Strange things begin to happen when a group of friends gather for a dinner party on an evening when a comet is passing overhead.
Hurray! A sci-fi movie! I love sci-fi films, although I’m always a little afraid of a low budget one. It’s hard to do good science fiction on a small budget without the end product being just laughable.
A group of friends gather for an evening of wine and food on the night the Miller’s Comet is scheduled to cross over. As all the people arrive, we get a feel for the personalities and social dynamics of this group.
We have a hippy dippy new ager, just coming off her 21 day “cleanse”. The ex boyfriend of one of the other guests,and his new girlfriend that apparently no one likes very much but they all try like heck to be polite. An recovering alcoholic actor still living out his short-lived glory on a tv series. The actor’s long suffering wife. A young dancer/choreographer having personal issues that have crippled her career. A middle aged white male professional. Generally, a bunch of urban professionals having a nice meal.
Of course, the conversation at the table centers on the comet and about strange events that have happened in the past when other comets have passed over. People losing their memories, wandering lost, and generally acting weird. Through the course of the conversation, we find out that several of the guests have had their iphone screens explode for no reason. They assume it must be the comet.
Then the phone lines start to fail, and the internet goes down. Then the power goes out.
So what else do you do? They walk outside to see the comet go by and realize the entire neighborhood is out…except for one house. Maybe solar powered? or a generator?
Upon returning back inside, glasses are broken. They weren’t when they left.
So they all sit by candlelight and colored glowsticks (that’s important later) and continue to share bizarre comet stories. One guest informs the others that his brother ( apparently a scientist, or LSD-addled philosopher, who is not at the party) said to call if anything strange happened when the comet passed over. So he and another guest leave to go the house with power, hoping they have a land-line phone that’s working.
Suddenly someone pounds on the door, but no one is outside. Then the power comes back on, and the guys who left come back, although one of them has a mysterious wound on his head.
They return with a lock box they picked up outside the other house, although no one seems to know why they have it. So of course they open it. It contains pictures of everyone at the party, and they are numbered on the back. And that’s where everything gets REALLY strange.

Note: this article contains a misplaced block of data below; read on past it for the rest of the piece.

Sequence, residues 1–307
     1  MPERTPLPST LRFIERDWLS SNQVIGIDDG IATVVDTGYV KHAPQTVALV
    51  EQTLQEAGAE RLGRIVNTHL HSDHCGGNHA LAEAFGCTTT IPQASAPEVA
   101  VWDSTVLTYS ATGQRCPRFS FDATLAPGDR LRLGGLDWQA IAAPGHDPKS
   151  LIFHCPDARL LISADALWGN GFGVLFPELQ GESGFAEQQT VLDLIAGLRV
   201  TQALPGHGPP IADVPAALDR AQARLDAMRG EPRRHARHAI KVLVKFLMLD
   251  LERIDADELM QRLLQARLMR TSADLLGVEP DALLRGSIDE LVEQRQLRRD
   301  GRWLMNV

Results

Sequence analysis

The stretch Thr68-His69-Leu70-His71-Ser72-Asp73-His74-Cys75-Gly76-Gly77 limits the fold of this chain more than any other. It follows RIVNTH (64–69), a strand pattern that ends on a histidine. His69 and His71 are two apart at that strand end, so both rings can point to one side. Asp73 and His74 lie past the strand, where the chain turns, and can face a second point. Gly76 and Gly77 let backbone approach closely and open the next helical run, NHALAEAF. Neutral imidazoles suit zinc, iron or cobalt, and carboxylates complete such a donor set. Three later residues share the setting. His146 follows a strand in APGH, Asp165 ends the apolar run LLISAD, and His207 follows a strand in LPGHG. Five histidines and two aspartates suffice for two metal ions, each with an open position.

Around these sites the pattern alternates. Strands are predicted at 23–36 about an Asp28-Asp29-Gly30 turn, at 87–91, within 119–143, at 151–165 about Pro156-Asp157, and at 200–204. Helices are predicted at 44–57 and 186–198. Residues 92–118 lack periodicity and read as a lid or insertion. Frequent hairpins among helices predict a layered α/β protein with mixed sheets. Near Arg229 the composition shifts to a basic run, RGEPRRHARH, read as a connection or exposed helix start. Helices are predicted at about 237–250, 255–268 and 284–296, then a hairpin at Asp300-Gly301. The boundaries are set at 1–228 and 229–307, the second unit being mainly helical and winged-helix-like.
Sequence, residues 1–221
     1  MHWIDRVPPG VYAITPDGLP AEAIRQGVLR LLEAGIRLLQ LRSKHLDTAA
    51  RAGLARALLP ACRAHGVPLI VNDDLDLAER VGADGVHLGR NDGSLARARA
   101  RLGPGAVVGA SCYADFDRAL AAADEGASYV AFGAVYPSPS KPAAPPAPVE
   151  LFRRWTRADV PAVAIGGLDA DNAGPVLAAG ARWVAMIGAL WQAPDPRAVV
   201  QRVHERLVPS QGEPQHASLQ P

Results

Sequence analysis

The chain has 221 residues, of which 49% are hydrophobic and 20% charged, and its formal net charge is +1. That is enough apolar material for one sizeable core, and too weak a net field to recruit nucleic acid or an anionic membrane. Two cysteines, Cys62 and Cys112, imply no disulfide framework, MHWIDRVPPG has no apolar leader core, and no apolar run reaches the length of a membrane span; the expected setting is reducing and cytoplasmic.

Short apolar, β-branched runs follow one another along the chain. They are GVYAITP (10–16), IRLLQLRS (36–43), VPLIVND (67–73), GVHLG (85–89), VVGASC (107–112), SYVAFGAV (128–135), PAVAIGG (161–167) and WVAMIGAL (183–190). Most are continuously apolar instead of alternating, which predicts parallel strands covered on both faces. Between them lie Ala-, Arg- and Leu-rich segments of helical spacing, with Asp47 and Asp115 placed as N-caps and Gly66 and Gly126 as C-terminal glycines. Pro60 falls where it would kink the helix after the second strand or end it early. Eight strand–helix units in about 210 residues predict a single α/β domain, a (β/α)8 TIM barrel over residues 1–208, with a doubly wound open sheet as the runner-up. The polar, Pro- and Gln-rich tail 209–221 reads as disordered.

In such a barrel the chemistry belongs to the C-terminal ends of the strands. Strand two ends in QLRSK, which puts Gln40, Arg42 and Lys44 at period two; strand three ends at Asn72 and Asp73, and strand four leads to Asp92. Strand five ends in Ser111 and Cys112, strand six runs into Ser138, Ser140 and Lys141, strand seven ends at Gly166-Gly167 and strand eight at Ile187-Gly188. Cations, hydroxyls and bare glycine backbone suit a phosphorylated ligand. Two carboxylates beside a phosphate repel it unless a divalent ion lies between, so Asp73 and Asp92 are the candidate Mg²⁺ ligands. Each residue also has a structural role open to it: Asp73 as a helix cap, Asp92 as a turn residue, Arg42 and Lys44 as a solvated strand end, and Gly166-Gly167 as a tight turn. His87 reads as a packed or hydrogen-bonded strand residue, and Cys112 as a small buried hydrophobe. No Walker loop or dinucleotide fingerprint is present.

So as the night wears on, the guests gather clues to try and sort it all out. The more they think they know, the less they actually do know. The atmosphere at the party changes rapidly and fear starts to set in.
This is a smart film that focuses on character and how people react under stress. A great science fiction story that does not rely on special effects or camera tricks. Just the characters attempting to solve the riddle of what’s happening to them. A very Twilight Zone type story that is well written, well acted, and creatively filmed. There is a lot of sci-fi techno-babble, but it is laced with actual scientific theory, just enough to make the story believable. At least, as believable as science fiction gets.
As a sci-fi fan, I thought I knew what was going on. I didn’t. In fact, I was a million miles off of the answer. I like that a lot. I hate being able to figure it out too early.
A film like this, that focuses on character, really needs a strong cast. The ensemble in this story are very talented indeed:
Nicholas Brendon – Buffy the Vampire Slayer (series), Chainsaw Sally:the Animated Series
Emily Baldoni – Legend of the Seeker
Maury Sterling – Deadwood, ER, 24, Homeland
Elizabeth Gracen – Highlander:The Raven,
Alex Manugian – Rango, The Lion King 1 1/2
Lauren Maher – Pirates of the Caribbean trilogy
Hugo Armstrong – NCIS
Lorene Scafaria – Nick and Nora’s Infinite Playlist
writer/director James Ward Byrkit – Rango
This is a solid cast and crew, with serious credentials, and they really gave us a quality product.
One a scale of one to ten, ten being awesome, I’m giving this film 8 glow sticks.